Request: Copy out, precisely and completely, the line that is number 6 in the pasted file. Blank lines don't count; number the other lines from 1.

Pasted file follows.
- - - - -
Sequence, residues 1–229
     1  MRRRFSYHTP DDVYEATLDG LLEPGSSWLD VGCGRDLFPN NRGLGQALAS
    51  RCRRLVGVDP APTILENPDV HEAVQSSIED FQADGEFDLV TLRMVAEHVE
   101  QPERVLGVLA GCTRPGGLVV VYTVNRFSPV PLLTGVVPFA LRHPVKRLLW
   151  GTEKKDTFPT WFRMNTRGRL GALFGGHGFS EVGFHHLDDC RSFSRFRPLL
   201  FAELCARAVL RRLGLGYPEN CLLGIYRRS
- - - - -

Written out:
   201  FAELCARAVL RRLGLGYPEN CLLGIYRRS